Chapter 7 was actually a lot longer than I expected so I am splitting up the chapter. First, I will give you the background on the idiomatic expressions with stories (like I did with the frog in a well…).

바가지를 긁다  (literally this means scratching the dipper gourd) it means: to nag 

This described it easily: “잔소리를 늘어 놓다`는 뜻이다. 옛날에 쥐통(괴질-콜레라)이 돌아다닐 때에 귀신을 쫓는다 하여 바가지를 득득 (scratching sound) 문지르던 데서 비롯한 말이다.듣기 싫다는 공통성으로 인해 흔히 아내가 남편에게 경제적 불평 따위 를 말하는 것을 가리키는 말이 되었다.” The meaning is referring to nagging.  In the past cholera was spreading around, and people believed it was a ghost doing this. So to drive them away they believed by scrubbing the dipper gourd, the scratching sounds  was like the sound of nagging.  People commonly hated this sound (I guess it was like nails on a chalkboard) and it reminded them of the wife griping over finances to the husband.  (Side note: I don’t know if I like this phrase because it is usually only directed toward women! Just wait men…when I learn a phrase to explain their nagging then I will definitely post it.)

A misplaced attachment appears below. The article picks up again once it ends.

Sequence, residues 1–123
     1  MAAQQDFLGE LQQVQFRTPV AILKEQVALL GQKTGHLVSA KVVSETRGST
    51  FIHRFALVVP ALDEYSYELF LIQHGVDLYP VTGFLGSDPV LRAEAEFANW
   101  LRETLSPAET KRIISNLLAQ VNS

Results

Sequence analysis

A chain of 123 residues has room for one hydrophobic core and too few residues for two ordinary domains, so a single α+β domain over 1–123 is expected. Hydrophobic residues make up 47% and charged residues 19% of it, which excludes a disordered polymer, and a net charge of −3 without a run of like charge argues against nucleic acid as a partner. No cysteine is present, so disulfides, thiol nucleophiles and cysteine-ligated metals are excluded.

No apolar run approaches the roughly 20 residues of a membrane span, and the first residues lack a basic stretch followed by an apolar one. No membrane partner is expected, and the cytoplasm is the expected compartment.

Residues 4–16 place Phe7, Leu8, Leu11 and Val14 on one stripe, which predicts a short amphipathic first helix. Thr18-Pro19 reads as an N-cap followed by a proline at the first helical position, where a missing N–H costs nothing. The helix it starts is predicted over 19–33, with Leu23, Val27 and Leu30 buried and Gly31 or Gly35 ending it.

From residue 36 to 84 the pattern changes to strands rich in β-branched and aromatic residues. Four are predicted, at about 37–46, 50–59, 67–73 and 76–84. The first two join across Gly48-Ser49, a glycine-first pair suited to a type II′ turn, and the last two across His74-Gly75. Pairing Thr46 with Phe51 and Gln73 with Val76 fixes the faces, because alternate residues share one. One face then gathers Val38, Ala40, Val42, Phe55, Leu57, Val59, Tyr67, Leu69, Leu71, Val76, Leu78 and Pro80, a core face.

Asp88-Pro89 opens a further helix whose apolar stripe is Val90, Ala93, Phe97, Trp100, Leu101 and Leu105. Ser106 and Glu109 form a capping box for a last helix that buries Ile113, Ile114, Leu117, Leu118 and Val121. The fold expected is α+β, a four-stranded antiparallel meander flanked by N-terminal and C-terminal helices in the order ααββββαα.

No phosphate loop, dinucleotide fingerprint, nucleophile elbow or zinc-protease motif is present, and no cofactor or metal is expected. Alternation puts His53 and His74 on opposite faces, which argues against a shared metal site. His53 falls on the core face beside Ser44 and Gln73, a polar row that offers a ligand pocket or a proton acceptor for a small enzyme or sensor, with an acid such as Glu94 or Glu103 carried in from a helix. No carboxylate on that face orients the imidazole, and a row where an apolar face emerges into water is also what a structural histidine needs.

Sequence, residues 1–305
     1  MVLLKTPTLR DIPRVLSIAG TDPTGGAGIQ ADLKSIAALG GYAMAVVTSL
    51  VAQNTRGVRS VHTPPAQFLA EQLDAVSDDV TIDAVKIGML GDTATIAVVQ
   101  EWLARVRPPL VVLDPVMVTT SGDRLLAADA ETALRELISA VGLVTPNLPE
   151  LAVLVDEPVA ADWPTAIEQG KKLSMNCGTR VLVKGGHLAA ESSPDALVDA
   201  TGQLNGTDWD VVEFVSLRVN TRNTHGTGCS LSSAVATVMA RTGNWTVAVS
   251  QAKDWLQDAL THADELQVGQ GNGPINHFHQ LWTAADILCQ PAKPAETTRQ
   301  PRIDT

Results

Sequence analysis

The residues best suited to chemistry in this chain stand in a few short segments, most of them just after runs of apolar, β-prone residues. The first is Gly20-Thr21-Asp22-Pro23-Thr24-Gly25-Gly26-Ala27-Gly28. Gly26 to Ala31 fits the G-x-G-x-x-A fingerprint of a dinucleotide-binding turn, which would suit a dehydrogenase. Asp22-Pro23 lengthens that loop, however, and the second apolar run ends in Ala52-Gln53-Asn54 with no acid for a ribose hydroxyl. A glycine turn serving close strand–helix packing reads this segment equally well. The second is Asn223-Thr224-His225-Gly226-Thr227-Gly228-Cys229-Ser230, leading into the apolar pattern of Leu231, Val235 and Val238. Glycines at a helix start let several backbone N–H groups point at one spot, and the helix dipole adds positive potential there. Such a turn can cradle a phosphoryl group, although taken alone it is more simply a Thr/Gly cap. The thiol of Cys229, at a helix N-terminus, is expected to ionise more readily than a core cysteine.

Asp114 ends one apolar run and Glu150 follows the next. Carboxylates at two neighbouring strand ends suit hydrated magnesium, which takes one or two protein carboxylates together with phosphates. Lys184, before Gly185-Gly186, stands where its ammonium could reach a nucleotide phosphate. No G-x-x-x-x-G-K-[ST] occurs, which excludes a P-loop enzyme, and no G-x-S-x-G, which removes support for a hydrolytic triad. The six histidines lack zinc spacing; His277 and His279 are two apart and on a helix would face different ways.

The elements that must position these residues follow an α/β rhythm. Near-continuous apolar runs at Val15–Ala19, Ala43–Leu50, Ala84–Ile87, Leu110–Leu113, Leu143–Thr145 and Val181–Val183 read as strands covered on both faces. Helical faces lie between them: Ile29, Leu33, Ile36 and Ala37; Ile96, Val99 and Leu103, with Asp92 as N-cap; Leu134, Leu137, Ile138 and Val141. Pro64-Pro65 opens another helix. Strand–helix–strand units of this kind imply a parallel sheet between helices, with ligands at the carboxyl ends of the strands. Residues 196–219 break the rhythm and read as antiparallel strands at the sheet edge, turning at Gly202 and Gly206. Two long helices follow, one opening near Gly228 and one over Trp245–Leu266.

그림의 떡 (literally means cream rice cake)  US equivalent: pie in the sky It means: unreachable, unobtainable while still having hope

Background on US meaning: Interesting fact is that this is just like the American song “Bye bye Miss American Pie”. It’s not literally a pie, but the phrase was coined in 1911 by WWII soldiers promising them a bright hopeful future. So literally this phrase in the English language because it promised them greatness while suffering in the present. Of course, if there is a hanja (Chinese) expression I am sure it has its own very elaborate and profound story…Leave it to Americans to quote pie.

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